|Publication number||US8186452 B1|
|Application number||US 11/540,250|
|Publication date||May 29, 2012|
|Filing date||Sep 29, 2006|
|Priority date||Sep 30, 2005|
|Publication number||11540250, 540250, US 8186452 B1, US 8186452B1, US-B1-8186452, US8186452 B1, US8186452B1|
|Inventors||John L. White, David Yingling|
|Original Assignee||American Piledriving Equipment, Inc.|
|Export Citation||BiBTeX, EndNote, RefMan|
|Patent Citations (79), Non-Patent Citations (6), Referenced by (5), Classifications (10), Legal Events (4)|
|External Links: USPTO, USPTO Assignment, Espacenet|
This application claims priority of U.S. Provisional Patent Application Ser. No. 60/722,748 filed Sep. 30, 2005, the contents of which are incorporated herein by reference.
The present invention relates to clamp systems and methods for use by pile drivers and, more particularly, to clamp systems and methods adapted to allow a rebar cage to be connected to a pile driver.
Construction projects often require the insertion of and removal of elongate members in the earth. Elongate members can take many forms, such as hollow cylinders (pipe piles, caissons), solid cylinders (concrete or wooden piles), and sheets (sheet piles).
To facilitate insertion or removal of an elongate member without excavation, pile driving systems and methods may be used. A pile driving system or method can employs a static or repetitive driving force along a longitudinal axis of the elongate member. A static driving force may be created by weight applied to an upper end of the elongate member and/or a gear drive or the like that applies a crowding force to the elongate member. A repetitive driving force may be created by a drop hammer, diesel hammer, or the like. When directed towards the ground, the driving force can be sufficient to cause the elongate member to enter the ground, depending upon soil conditions and the like. When directed away from the ground, the driving force extracts the elongate member from the ground.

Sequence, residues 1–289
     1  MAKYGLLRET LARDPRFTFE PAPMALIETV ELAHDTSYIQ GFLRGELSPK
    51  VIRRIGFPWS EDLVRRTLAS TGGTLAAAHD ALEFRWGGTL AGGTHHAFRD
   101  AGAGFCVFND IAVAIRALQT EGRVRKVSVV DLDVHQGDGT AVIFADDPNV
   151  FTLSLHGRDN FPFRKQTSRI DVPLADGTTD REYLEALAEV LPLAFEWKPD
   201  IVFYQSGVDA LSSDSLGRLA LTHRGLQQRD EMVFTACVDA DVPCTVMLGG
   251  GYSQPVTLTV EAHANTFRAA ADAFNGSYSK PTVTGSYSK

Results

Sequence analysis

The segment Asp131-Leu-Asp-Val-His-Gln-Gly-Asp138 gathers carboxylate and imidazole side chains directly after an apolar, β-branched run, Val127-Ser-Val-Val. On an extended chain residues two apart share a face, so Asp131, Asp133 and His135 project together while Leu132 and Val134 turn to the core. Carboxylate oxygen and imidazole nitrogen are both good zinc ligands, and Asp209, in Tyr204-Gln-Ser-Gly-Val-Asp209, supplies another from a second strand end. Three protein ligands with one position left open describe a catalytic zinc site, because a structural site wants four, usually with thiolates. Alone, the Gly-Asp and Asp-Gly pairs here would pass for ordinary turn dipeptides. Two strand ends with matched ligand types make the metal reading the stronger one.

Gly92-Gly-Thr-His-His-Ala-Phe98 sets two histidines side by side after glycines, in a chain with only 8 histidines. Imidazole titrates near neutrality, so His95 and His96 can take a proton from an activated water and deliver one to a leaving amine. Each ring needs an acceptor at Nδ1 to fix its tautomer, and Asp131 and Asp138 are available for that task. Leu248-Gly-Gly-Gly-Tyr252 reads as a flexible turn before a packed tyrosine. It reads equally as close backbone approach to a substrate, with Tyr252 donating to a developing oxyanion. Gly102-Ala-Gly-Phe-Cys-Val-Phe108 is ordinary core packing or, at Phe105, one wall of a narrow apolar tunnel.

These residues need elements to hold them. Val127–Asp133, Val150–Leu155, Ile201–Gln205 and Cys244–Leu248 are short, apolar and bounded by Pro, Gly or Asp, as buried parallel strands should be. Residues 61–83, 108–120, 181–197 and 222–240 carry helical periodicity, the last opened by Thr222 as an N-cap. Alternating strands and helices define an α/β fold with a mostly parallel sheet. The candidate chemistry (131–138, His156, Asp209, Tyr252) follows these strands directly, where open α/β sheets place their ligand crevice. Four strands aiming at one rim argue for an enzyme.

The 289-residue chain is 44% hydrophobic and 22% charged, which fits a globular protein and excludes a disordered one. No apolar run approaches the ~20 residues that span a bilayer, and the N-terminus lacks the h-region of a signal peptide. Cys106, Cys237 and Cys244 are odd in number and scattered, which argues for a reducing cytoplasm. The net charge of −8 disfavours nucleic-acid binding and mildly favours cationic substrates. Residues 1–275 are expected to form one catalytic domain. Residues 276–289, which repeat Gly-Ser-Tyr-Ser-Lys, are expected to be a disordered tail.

The present invention is directed to a pile driving system or method in which a static driving force is combined with a vibrational force. A vibration system typically applies the vibrational force to the elongate member in combination with a static driving force. Under most conditions, the vibrational force significantly enhances the ability of the pile driving system or method both to insert and to extract an elongate member. When a pile driving system or method employs vibrational forces to insert or extract an elongate member, a vibration suppression system is often used to inhibit transmission of these forces back to a support system (e.g., crane, spotter) used to position the pile driving system and/or elongate member.
To ensure that the vibrational forces are effectively transmitted to the elongate member, clamping system and methods are typically employed. A clamping system or method is typically configured to apply a clamping force that substantially rigidly connects the vibrational device to the elongate member.
A clamping system for a pile driving system or method usually comprises a fixed clamp member and a movable clamp member. The fixed clamp member is substantially rigidly attached to a clamp housing, a portion of the elongate member is placed between the fixed clamp member and the movable clamp member, and the movable clamp member is displaced relative to the clamp housing such that the portion of the elongate member is gripped between fixed and movable clamp members.